Forever etched in Los Angeles Dodgers fans’ minds is pitcher Julio Urias celebrating by himself on the mound after he struck out the final batter of the 2020 World Series to deliver franchise its first championship in 32 years.
However, the young lefty still doesn’t have a definitive role on the pitching staff. He’s still treated as a hybrid option, having pitched in a total of 74 games since debuting in 2016, with 38 of those being starts. Though he’s mostly served as a reliever in the playoffs (three starts vs 15 relief appearances), he’s mainly used as depth (wherever needed) during the regular season. At least that’s what it feels like.
Heading into 2021, we have no idea who is going to snag the final spot in the rotation. We can assume Walker Buehler, Clayton Kershaw, Trevor Bauer and David Price will be in there, but who will round it off? Urias will likely be battling it out with Dustin May and Tony Gonsolin, with the former two likely being featured as the marquee matchup.
And we can’t help but ask: if May wins the job, should the Dodgers explore Urias’ value on the trade market?
According to manager Dave Roberts, May hit 101 MPH on the radar gun at Spring Training on Wednesday. He threw some live batting practice and was bringing the heat.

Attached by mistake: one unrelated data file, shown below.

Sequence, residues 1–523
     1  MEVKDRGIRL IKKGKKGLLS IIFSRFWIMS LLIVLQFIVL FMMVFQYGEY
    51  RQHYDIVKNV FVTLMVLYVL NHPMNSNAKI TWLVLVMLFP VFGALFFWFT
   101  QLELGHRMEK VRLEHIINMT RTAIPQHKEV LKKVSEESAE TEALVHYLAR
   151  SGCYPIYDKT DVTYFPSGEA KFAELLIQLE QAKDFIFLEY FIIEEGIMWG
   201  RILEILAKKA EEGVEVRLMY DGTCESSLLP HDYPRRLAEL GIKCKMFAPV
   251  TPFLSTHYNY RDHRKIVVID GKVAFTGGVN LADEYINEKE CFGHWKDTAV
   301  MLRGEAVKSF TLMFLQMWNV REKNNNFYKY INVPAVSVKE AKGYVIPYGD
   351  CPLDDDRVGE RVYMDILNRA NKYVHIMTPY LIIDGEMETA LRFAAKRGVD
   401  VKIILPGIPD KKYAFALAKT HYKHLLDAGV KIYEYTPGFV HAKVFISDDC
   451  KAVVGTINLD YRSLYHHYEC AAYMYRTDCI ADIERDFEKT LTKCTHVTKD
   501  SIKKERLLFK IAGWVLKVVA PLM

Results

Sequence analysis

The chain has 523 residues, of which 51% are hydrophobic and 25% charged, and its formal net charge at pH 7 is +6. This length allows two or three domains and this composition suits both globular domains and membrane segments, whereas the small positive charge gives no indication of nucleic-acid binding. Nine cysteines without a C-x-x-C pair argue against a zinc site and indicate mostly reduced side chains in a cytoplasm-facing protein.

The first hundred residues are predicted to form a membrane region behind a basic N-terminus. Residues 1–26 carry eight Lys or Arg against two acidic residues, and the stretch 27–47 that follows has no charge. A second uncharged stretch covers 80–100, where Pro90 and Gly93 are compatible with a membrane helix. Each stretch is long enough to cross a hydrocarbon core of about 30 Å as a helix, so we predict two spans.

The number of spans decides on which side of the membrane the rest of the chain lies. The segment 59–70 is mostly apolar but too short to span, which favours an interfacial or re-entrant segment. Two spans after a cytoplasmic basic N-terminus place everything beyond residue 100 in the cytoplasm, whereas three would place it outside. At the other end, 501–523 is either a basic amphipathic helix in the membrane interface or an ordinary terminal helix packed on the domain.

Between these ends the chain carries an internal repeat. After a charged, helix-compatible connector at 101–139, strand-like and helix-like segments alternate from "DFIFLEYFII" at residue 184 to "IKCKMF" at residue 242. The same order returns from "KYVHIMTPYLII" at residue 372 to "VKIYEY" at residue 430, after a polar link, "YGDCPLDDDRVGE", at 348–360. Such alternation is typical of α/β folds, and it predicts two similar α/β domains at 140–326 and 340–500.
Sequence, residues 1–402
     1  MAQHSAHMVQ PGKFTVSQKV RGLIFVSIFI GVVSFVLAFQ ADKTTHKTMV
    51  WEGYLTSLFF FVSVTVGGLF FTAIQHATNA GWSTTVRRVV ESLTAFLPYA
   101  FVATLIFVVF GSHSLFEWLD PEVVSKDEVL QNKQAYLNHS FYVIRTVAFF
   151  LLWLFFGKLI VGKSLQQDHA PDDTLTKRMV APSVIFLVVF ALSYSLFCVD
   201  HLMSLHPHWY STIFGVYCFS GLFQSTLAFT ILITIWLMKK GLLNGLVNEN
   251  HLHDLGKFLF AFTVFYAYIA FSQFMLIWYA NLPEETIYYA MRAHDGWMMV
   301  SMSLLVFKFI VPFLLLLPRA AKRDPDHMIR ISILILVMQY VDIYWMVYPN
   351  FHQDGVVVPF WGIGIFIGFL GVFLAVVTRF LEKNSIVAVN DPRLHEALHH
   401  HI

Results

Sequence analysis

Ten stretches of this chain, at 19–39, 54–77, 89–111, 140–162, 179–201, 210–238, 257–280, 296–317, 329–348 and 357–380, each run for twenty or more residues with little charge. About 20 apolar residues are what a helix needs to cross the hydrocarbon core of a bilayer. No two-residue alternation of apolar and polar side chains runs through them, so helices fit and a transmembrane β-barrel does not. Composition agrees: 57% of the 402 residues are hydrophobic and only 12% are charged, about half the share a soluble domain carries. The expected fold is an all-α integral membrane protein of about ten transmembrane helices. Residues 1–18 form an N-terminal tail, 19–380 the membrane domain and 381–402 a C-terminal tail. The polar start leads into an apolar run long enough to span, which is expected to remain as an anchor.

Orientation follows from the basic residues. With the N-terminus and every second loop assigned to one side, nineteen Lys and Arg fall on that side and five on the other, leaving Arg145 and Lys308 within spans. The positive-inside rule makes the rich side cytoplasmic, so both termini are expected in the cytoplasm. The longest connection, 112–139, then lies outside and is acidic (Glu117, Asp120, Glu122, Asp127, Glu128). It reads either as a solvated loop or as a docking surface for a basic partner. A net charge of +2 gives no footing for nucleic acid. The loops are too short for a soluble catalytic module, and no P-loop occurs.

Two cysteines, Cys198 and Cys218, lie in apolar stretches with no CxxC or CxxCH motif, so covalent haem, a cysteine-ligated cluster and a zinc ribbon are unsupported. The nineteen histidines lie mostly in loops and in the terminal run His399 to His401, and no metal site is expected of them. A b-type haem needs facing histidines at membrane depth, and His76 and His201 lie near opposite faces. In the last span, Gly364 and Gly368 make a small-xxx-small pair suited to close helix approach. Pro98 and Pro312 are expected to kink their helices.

Additionally, if we learned anything about May since his debut in 2019, it’s that he’s better as a starter. That’s simply what the eye test tells us, and it makes sense because he came up in the Dodgers’ system as a starter.
As for Urias, he’s much more effective as a reliever, which is great for LA, but how many teams do you think would love to acquire him in a trade and slot his left arm in the rotation? He’s still a good starter (3.61 ERA, 1.31 WHIP, 165 strikeouts in 38 starts totaling 172 innings) despite his stats in relief (2.15 ERA, 1.09 WHIP, 67 strikeouts in 67 innings) being much better.
Throw in the fact the Dodgers have fellow left-handers Victor Gonzalez, Scott Alexander, Garrett Cleavinger and Alex Vesia on the 40-man roster (in addition to Kershaw and Price in the rotation) and there’s really no shortage of lefties, assuming Vesia and Cleavinger manage to carve out some sort of role.
And then you have his contract situation. Urias, who is just 24 years old, is under club control through 2023 and will be making $3.6 million in 2021. If the Dodgers plan to re-sign Kershaw and give Buehler a big extension, perhaps trading Urias for value elsewhere could be a good idea. Why? Because Price is likely in town through 2022 and Bauer through 2023. May and Gonsolin, on the other hard, are pre-arb eligible and aren’t making much of anything and they’ll be here for a while.
We know it’s always good to have a surplus of pitching, but one could argue the Dodgers need infield and outfield depth after watching a number of players leave this offseason, with potentially more to come next offseason.
Then again, Urias is top-notch insurance in the event one of Kershaw, Price or Bauer aren’t with the team after 2021. We’re certainly not advocating for a trade or recommending the Dodgers act in haste, but it wouldn’t be insane to see what another team desperate for starting pitching might be willing to cough up for Urias if the Dodgers plan to use him as a reliever/depth starter again this season.
They’ve cleaned up on the trade market before. They could do it again with ease here.